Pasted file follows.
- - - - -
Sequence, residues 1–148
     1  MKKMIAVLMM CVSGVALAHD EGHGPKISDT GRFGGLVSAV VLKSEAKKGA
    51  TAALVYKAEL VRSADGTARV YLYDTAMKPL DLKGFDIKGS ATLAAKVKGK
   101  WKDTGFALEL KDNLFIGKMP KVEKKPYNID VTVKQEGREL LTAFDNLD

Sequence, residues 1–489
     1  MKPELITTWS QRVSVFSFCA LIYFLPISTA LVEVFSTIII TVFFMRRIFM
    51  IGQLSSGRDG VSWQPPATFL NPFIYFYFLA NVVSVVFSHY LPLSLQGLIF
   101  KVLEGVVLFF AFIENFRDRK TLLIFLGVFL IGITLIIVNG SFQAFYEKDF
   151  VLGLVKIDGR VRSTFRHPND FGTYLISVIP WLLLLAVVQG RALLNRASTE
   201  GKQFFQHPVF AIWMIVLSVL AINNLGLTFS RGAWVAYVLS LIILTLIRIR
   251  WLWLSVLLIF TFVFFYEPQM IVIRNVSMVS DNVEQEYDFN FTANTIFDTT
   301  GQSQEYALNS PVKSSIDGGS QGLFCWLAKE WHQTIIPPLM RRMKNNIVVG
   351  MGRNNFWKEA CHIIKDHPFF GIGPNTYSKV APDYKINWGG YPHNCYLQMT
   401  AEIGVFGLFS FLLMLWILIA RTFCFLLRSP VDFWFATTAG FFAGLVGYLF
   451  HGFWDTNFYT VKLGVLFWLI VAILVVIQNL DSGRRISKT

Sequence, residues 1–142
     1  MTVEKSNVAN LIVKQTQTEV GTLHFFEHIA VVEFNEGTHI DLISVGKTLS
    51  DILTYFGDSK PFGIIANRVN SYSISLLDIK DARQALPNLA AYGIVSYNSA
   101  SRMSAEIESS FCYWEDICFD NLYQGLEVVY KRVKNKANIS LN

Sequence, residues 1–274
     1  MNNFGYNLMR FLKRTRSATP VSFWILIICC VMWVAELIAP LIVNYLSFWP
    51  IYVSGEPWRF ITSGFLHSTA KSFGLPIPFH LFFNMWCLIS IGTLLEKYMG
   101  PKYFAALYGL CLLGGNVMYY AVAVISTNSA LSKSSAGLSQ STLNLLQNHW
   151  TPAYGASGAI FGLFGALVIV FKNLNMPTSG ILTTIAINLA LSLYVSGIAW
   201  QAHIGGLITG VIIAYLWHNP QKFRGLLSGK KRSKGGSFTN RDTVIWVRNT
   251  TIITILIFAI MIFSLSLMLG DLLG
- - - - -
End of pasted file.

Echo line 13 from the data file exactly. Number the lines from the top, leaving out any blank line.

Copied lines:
   351  MGRNNFWKEA CHIIKDHPFF GIGPNTYSKV APDYKINWGG YPHNCYLQMT